So, another great week. Thanks to all who were a part of it. And thanks to Coach Mike, Coach Turtle, Coach Wojtek and all the kids and parents for trusting me to join them in their BJJ journey.
I have been out of the gym for a couple weeks traveling. I did get a chance to visit the Gracie Barra-Team Draculino gym in Tavros-Athens, Greece. It was a cool space with really welcoming and friendly guys. Professor Christos Markez showed me around. Another visit and another great impression made.
In Greece there is a profound sense of history. I love history. I majored in it in college and have always felt knowing history and knowing your story are really important things.
While in Greece leading a Footsteps of St. Paul tour, one stop we made was to visit the island of Crete. www.pennpres.org The ruins of the Minoan Civilization are at the Palace of Knossos. You know- the place where the labyrinth with the Minotaur was in Greek mythology. The ruins are around 4000 years old. I saw a lot of other amazing things filled with historical and theological wonder. Ephesus, where the apostle Paul engages with those worshipping Artemis with the Good News, Corinth, Delphi, Philippi. All amazing! With all the history there was a perspective of time that blew me away.
This sense of time struck me in two ways yesterday as I went to class for the first time since I returned stateside. One: I’m still impatiently waiting for my hand to heal. I really want to train and get rounds in and it is driving me nuts. Two: white belts are all impatient. I observed some live training after class yesterday. Our coaches and instructors take up positions and we rotate through in 5 or 6 minute rounds.
It is kind of funny to watch the inexperienced roll with the proficient. One partner goes 100 mph trying to implement that one skill they feel good with. Maybe they achieve a brief position of dominance but it quickly evaporates into Wojtek’s bear trap. The other waits and defends with simple, yet effective fundamentals. Slow is smooth and smooth is fast. Coach Turtle is as calm as a Sunday nap waiting for the aggressive and amped up partner to simply wear out from white belt fury and lack of breathing. Watching Mike, Turtle and Wojtek roll is like watching water flow through a river, responding to their training partners with deliberate defenses and visionary setups.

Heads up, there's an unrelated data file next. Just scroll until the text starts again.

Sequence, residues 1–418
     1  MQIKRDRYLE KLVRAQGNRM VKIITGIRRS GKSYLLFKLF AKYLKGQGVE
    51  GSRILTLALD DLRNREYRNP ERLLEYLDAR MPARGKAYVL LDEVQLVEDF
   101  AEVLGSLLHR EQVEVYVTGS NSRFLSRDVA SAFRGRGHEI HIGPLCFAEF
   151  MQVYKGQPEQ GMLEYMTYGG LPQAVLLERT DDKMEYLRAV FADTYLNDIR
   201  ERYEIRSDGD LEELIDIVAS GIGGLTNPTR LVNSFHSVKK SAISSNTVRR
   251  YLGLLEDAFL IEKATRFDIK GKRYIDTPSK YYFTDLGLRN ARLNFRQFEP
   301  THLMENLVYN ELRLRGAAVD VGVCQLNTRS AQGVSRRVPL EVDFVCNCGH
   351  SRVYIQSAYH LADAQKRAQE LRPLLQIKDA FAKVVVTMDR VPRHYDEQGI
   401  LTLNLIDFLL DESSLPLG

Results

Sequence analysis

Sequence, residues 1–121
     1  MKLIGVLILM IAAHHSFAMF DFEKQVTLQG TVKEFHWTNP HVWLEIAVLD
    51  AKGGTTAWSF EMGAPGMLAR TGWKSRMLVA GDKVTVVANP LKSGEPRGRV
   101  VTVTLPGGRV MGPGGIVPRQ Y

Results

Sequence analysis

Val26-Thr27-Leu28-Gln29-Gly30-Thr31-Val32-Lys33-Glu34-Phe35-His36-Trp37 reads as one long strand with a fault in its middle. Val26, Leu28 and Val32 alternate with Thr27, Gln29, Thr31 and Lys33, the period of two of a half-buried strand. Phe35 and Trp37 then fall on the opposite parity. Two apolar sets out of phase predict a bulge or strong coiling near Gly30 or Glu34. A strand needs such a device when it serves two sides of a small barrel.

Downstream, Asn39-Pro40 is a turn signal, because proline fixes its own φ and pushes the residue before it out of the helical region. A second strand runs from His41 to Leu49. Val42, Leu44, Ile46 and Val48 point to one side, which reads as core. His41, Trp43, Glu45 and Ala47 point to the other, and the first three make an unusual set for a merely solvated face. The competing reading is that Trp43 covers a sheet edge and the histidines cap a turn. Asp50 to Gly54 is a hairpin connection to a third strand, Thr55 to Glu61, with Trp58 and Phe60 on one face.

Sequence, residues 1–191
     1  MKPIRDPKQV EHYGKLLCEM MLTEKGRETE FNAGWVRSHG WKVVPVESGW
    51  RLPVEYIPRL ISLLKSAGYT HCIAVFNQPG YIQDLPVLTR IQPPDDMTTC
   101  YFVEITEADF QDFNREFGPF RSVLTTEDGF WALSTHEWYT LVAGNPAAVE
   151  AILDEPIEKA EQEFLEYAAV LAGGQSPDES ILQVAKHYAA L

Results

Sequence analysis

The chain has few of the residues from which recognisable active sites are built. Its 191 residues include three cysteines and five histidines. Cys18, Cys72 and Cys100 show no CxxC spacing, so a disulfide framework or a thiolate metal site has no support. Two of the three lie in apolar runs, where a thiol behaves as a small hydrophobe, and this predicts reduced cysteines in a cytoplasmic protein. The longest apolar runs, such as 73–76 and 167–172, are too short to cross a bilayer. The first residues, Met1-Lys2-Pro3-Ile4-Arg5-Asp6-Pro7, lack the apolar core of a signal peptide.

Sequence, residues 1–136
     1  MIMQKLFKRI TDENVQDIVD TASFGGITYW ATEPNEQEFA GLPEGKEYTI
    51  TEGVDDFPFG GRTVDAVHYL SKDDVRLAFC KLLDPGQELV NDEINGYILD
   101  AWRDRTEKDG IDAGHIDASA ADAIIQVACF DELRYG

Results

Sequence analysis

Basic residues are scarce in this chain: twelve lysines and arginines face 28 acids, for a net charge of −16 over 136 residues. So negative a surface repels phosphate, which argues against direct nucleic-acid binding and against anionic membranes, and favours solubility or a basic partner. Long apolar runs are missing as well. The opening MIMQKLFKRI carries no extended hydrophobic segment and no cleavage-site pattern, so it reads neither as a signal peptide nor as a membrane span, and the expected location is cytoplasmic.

Finding your proper place in time and space has occupied the human mind for centuries. People all over the ancient world traveled to the Oracles at Delphi to gain an edge and exert control. Usually without any real gains. The takeaway I’m grappling with is to patiently let it flow. Don’t look for shortcuts and don’t wear myself out for that fleeting sense of momentary control.
“I’ve waited patiently for the Lord. He inclined and heard my cry. He lifted me out of the pit out of the miry clay.
I will sing a new song”
from Psalm 40
There is a saying in Brazilian Jiu Jitsu attributed to master Carlos Gracie Sr. “There is no losing in BJJ only winning and learning”. I also read an article recently by Prof. Tom DeBlass who said he is tired of hearing that quote because losing is an inevitable part of the game.
I happen to agree and resonate with both of these wise men. I think I understand what both are getting at. And I love that Jiu Jitsu offers a forum to practice both humility and excellence at the same time.
Master Gracie’s quote defines the reality that in Jiu Jitsu you will fail over and over again. And that is how you learn. You embrace the failure and take humble inventory of what led to it. To fear failure in this sport is a roadblock to learning and development. For this reason it is a great life practice. You learn resilience and how to deal with discomfort. All for the sake of growing and getting better at the craft. You have to take your lumps. But how you do it and what kind of person you are in the process is really important. Humility and graciousness are key ingredients to consistent growth. If your pride gets in the way you block yourself from the important lessons that are available.
There are prideful people in Brazilian Jiu Jitsu. Tons of us! Ego is as present on the mats as anywhere else. But in, what I would consider, great schools, there is a culture that allows for ego. And coaches, professors and masters provide ways to address and manage your ego in ways that are beneficial for individual and communal growth. Ego drives us. Channeling that drive to accomplish great things is something I am grateful to the sport for.
I think Professor DeBlass is also making a great point. It is okay to want to get better. And it is good to realize that sometimes you will lose. That does not make you a loser. Accepting defeat and remaining defeated will lead to more defeat. But accepting defeat and being accountable to what makes you better, takes courage, dedication and even enough intensity to overcome. Those are all key ingredients to successful Jiu Jitsu.
So, I think my take aways from these two teachers is that you can be defeated and still gain. Any gain as a person or as a Jiu Jitsu player is a win, even if it comes through defeat. But work hard to learn and grow. And you can shake hands and show gratitude when someone submits or outpoints you. But you don’t have to stay in the same place. And you don’t have to pretend to have false humility just for the sake of seeming like a Jiu Jitsu zen master.
Grace is a mark of strong character. It allows you to accept yourself as imperfect while at the same time drives you to put forth your deepest efforts. In faith it is the thing that makes everything else make sense. Accept your imperfect self, made valuable by God’s love, and set your mind on the goal ahead with fullest heart.
Keep moving. Keep growing, don’t settle for mediocrity.
See you on the mats.